Selling products to people can be a difficult thing. Many people are unsure about exactly what they want, and as a salesperson, it can be difficult to use the old sales strategy of inundating them with features and benefits hoping that a few of them will be good enough.
If you’d like a technique that will dramatically improve your closing rate, then you’ve come to the right place. In this article, you’ll learn a powerful technique that will allow you to adjust your sales pitch so that it hits your client with laser like precision, and will give you a powerful edge in the sales process.
First of all, you need to understand something called criteria. This is what people use to sort through the outside world, and fit it to what they’d like to have based on their imagination. If you want to eat something, and you’d like American fast food, then that’s your criteria. Other criteria might be expensive food, or French food, or homemade food. If you have ever stood in line at the fast food restaurant, and weren’t sure what to order, that’s what happens when you have vague criteria. You kind of know what you want, but nothing specific pops out.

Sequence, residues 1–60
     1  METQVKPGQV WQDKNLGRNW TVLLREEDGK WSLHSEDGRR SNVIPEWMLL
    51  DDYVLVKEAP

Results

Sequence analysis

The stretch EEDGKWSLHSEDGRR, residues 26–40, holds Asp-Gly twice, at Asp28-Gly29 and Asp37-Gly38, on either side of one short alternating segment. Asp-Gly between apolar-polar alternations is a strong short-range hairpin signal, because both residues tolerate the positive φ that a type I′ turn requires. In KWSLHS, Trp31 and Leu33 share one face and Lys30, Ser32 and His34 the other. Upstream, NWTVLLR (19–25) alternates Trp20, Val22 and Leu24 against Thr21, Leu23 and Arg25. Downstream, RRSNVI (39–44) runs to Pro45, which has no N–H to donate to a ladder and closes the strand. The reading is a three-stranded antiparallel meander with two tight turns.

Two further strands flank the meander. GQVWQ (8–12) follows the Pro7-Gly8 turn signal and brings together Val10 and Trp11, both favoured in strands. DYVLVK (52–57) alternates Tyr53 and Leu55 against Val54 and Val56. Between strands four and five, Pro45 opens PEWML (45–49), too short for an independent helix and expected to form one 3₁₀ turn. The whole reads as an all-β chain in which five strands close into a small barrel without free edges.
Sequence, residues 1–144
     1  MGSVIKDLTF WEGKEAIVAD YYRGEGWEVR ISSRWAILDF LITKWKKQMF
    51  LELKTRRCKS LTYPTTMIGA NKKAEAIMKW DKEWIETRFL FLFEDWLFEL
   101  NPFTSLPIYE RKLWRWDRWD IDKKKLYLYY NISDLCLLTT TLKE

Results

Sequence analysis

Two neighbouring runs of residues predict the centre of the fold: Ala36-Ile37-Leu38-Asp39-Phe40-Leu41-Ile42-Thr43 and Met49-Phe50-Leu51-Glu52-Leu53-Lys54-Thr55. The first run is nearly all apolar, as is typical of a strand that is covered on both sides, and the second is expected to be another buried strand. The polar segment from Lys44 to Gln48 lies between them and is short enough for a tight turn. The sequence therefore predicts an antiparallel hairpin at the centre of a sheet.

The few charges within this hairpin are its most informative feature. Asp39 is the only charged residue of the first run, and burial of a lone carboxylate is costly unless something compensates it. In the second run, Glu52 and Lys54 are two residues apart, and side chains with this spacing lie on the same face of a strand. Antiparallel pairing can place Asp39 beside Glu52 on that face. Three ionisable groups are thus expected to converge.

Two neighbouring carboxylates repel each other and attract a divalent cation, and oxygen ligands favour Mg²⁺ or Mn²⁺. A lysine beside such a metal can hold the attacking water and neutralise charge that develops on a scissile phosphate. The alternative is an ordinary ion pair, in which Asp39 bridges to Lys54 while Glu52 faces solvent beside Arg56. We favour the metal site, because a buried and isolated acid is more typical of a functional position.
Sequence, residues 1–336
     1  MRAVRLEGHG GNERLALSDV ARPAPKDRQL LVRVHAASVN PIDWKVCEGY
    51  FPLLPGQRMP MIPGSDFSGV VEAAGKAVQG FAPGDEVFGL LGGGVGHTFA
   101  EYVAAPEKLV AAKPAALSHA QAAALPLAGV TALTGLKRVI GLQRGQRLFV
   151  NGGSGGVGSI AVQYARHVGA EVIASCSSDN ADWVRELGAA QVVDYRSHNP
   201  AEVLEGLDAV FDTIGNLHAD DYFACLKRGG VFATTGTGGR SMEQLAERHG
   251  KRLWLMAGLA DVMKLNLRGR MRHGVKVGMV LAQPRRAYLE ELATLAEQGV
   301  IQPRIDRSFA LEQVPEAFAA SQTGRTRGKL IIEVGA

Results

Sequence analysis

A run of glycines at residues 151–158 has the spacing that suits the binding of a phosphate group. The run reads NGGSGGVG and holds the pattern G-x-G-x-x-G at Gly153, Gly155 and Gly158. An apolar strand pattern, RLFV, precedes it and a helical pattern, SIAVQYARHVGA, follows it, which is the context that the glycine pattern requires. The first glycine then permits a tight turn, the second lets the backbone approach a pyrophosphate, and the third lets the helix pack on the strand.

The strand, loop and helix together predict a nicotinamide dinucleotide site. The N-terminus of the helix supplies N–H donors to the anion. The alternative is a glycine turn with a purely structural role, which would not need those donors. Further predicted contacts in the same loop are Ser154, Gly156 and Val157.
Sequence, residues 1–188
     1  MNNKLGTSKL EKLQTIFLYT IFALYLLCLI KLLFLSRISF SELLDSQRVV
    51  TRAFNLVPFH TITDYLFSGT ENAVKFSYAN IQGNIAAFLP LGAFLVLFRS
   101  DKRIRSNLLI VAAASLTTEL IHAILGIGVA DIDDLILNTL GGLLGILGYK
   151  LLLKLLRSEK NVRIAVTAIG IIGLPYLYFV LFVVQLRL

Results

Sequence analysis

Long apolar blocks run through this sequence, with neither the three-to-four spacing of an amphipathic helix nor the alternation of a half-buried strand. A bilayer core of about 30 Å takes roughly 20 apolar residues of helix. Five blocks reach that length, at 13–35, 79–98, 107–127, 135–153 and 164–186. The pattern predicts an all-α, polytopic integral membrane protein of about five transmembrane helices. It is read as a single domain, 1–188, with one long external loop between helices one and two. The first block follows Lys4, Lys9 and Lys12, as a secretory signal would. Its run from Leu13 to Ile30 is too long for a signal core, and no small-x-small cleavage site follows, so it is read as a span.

When you are trying to sell something to somebody, it’s a great idea to elicit their criteria. Find out what’s important to them with regard to the product in question. Ask them what would the perfect product be like. Keep in mind that you don’t want to get too specific. The more vague their criteria is, the easier it will be to sell them a wide variety of products.
As an example, let’s say you are selling cars, and they say they want a yellow van with a 450 hemi engine with a built in DVD player with six screens. Unless you have that particular car, then you are going to have a hard time. On the other hand, if they say they want a safe, comfortable family car to drive their kids around in, you’ve got much more to work with. This is more vague, and can be applied to many more cars.
The trick here is to focus on the particular words they say when describing their ideal product, particularly the ones they put extra stress on. For example, if they lean heavily on the word “safe,” when they say it, you can spend extra time showing them how safe a particular car is. This is a very powerful way to sell things to people.
By building a strong relationship with your customer, and finding out what’s important to them before you show them any products, you’ll do a couple of important things. One is that they’ll feel that their needs are really the focus of the conversation. Another is that you’ll gain a powerful advantage that will help you sell them almost anything.